In the Magnetic Minesweeper Lab, you will recreate the classic computer game Minesweeper in real life! Using PocketLab's magnetometer, you will try to discover hidden mines and mark their locations on a grid. You can do this lab with two people to create a Minesweeper competition. One partner hides mines in different grid locations while the other partner tries to locate the mines to not get blown up!

## Magnetic Minesweeper Setup Instructions

1. Print off two copies of the minesweeper grid. Make sure that your printer settings are set to "Actual Size" so that the grid is not scaled. (At the bottom of this post click, next to "attachments," click "show" and download the file titled "Pocketlab_minesweeper.pdf")

2. Using scissors, cut the first grid around the outside of the image. Cut the second grid on the perimeter of the 12 squares. This will cut off part of the graphics so that the second grid will fit inside the Maker Kit box.

3. Tape the smaller grid to the inside bottom of the Maker Kit box.

4. Tape the larger grid to the top cover of the Maker Kit box. You're now ready to investigate the Magnetic Minesweeper Lab!

## Magnetic Minesweeper Lab Instructions

1. Connect the PocketLab sensor and app. Select the Magnetic Field Magnitude from the graph list.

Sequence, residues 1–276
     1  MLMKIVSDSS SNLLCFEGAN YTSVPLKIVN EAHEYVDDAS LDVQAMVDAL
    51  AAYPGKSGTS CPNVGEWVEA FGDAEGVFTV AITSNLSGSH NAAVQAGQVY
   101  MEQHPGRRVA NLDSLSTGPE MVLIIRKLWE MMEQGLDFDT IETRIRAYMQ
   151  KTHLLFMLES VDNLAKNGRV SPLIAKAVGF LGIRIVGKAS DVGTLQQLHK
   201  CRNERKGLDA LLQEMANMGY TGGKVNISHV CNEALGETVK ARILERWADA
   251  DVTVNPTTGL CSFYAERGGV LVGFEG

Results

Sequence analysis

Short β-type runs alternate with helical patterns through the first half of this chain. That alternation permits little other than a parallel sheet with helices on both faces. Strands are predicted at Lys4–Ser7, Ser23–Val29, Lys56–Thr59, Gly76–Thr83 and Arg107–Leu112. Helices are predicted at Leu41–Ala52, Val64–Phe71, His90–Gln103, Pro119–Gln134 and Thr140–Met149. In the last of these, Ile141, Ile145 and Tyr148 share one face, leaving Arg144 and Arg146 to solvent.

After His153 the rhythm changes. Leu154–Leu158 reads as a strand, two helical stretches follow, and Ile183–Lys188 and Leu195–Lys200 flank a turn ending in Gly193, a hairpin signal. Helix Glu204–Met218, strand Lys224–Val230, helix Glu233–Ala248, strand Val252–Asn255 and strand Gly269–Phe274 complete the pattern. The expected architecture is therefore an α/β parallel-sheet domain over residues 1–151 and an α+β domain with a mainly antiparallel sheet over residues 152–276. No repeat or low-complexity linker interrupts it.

2. Place a magnet on the top grid of the box in one of the center squares.

3. Place the PocketLab sensor on the lower left square.

4. On the PocketLab app screen, press the zero button to calibrate the Magnetic Field Magnitude graph.

5. Move the PocketLab sensor to different squares and observe how the graph changes. What happens when the sensor gets closer to the magnet? What happens when the sensor moves from the left to the right of the magnet?

6. Now that you are familiar with the Magnetic Field graph, put the magnet inside the box in the center of one of the squares. Close the lid of the box and then scan over the top grid with the PocketLab sensor. Slowly move the sensor left and right or up and down across the grids. What happens when the PocketLab sensor is on the grid directly on top of the magnet? What happens when you move the PocketLab to the left of squares to the left of the magnet?

7. Have your lab partner, friend, or parent place the magnet to a different grid in the box without you seeing where the magnet is placed. Cover your eyes or turn your head, so that you do not know where the magnet is located. Have your lab partner close the lid.

8. Scan up and down and left to right over the top grid with the PocketLab sensor. Using your observations from earlier, predict where you think the magnet is located. When you have a good prediction, mark an X on the grid where you think the magnet is located.

9. Open up the box and see if your prediction is correct.

10. Switch roles so that you hide the magnet and your lab partner tries to predict the location.

11. For a more difficult challenge, place two magnets inside the box and try to find both locations.